Here, I think, it can help us to remember that if Jesus is indeed perfect, the perfect image of the Father, that means every one of His actions, and everything that happens to Him, reveals nothing but that perfection, and that includes the fierce table-turning anger in the temple forecourt, the tears and groans in the garden, His reaching out in vain there for human companionship, the stumbling on the road to Calvary, even the cry of apparent abandonment before He dies 'My God, my God, why...?' 'Be perfect as your heavenly Father is perfect' is not some injunction to Teflon imperviousness to pain; not a canonisation of brute strength and self sufficiency; the example of Jesus reassures us that it is not only the obviously gifted and talented, not only the healthy in mind and body, not only the straightforwardly attractive, the popular and the likeable who need apply to walk the way of perfection. There is none of us so weak, so wounded, so fearful that we cannot aspire to be perfect. The One who is the loveliest of the sons of men had, when He was lifted on the cross, no beauty that anyone might desire Him, He was so disfigured He barely looked human. And, in all this, He was perfect.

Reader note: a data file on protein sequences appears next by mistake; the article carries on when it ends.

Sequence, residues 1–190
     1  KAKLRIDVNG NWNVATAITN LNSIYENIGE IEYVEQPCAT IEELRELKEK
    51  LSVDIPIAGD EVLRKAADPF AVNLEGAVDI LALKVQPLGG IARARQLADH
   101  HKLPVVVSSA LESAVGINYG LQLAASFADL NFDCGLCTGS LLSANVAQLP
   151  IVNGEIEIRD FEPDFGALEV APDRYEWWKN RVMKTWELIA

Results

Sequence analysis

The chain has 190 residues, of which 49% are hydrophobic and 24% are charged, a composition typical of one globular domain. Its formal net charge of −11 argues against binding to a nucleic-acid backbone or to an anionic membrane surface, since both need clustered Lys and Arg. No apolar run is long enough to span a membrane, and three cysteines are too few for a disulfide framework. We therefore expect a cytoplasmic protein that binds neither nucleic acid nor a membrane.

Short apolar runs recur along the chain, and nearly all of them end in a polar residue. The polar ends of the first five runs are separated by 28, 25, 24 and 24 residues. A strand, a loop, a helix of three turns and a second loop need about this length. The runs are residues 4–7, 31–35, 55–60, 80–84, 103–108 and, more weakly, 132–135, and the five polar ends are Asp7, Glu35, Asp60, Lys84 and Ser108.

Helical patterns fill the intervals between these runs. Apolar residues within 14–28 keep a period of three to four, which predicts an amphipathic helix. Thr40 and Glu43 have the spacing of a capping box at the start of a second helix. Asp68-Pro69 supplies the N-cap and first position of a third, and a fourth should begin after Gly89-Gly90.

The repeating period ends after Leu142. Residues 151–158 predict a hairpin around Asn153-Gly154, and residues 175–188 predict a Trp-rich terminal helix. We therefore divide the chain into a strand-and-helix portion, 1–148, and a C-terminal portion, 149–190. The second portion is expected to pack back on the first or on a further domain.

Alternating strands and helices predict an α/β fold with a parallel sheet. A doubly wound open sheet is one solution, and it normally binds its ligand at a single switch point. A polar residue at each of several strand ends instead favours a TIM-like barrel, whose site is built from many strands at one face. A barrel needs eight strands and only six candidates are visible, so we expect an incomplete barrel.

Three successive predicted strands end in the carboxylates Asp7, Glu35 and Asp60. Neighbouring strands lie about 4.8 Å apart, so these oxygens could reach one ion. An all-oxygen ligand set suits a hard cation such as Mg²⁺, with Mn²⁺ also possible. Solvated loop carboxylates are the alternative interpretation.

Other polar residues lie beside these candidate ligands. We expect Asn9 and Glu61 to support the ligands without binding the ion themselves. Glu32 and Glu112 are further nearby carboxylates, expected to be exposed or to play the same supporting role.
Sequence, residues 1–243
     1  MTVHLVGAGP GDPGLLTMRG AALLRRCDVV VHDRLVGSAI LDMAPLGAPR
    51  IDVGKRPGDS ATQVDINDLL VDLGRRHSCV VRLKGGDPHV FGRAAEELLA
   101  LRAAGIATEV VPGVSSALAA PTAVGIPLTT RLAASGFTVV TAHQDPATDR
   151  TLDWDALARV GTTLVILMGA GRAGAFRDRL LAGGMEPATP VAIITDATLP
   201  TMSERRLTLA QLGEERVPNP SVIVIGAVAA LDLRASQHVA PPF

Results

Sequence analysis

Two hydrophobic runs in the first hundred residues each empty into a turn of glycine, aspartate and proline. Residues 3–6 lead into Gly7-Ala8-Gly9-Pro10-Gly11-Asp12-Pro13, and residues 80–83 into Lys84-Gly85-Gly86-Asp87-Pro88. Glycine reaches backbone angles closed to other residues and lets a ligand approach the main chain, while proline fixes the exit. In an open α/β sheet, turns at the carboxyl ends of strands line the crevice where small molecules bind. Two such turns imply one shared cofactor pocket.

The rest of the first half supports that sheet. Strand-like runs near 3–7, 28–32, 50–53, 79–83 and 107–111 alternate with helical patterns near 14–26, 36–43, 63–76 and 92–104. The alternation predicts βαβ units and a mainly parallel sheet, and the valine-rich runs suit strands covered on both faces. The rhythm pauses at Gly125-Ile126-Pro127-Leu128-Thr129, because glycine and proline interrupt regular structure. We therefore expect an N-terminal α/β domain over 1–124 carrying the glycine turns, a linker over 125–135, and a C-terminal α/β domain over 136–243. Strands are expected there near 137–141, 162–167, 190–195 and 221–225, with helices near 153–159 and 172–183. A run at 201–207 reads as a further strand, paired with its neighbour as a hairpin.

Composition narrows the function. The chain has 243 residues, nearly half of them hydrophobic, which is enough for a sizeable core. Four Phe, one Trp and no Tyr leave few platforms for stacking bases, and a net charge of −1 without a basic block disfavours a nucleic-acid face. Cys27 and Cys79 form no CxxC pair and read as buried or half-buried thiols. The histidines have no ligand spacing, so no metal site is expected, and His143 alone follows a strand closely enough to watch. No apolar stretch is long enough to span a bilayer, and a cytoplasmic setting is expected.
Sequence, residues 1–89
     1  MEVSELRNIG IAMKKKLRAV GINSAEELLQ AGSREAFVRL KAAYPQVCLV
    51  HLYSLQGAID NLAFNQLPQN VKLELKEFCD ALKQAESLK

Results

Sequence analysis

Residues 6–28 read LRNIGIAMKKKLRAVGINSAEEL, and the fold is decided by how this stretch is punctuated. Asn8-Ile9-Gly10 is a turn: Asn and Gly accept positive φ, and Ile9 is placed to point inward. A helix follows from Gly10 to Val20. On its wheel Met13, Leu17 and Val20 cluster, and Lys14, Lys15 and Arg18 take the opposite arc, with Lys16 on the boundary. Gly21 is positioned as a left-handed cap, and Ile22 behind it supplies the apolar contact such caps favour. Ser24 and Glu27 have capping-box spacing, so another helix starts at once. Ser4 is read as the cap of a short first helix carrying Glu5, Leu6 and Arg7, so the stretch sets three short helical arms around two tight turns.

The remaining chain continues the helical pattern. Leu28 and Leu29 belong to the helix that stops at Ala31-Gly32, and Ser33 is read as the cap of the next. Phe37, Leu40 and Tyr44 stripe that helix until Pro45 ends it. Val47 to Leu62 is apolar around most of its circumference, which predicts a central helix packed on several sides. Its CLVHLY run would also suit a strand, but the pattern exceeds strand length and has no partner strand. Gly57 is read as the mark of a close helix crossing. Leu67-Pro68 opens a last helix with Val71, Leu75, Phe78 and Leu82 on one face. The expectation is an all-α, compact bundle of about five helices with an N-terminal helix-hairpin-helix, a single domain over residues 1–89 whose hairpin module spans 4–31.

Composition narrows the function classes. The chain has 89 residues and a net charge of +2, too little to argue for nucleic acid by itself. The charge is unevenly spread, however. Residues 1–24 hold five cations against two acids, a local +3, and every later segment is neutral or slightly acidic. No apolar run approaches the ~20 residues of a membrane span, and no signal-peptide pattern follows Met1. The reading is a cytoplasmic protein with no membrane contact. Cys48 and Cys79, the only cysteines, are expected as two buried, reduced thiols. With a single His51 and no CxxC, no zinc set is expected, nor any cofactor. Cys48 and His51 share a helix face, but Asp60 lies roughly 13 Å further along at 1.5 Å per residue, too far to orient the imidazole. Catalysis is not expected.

But this, we may feel, is all very well. Perhaps Jesus does offer us an example. We look at Him and see what we should be like. But can we live up to it? We know full well that we cannot. We fail in a hundred and one little ways daily to be perfect in our dealings with God, with each other and with ourselves. It is all very well to talk of sanctified passions, righteous anger – but we are all too well aware that our passions are often far from sanctified or righteous: my fuming at my sister for days because she said something offensive over breakfast is hardly turning the money changers out of the Temple. It is all very well to talk of weakness as helping us grow in likeness to Christ – but we know, if we are honest, that we do not always use our weakness as He used His. We weaponise weakness, sometimes; turn it into an excuse to escape from arduous but undeniable duty, or, worse, fashion from it a form of emotional blackmail with which to bludgeon those whose apparent security and self-confidence we envy. We might be attracted to the example of Jesus but how can we make it our own? How can we be perfect as He is perfect, in his revelation of the perfection of the Father? Can His presence with us tonight move us forward here?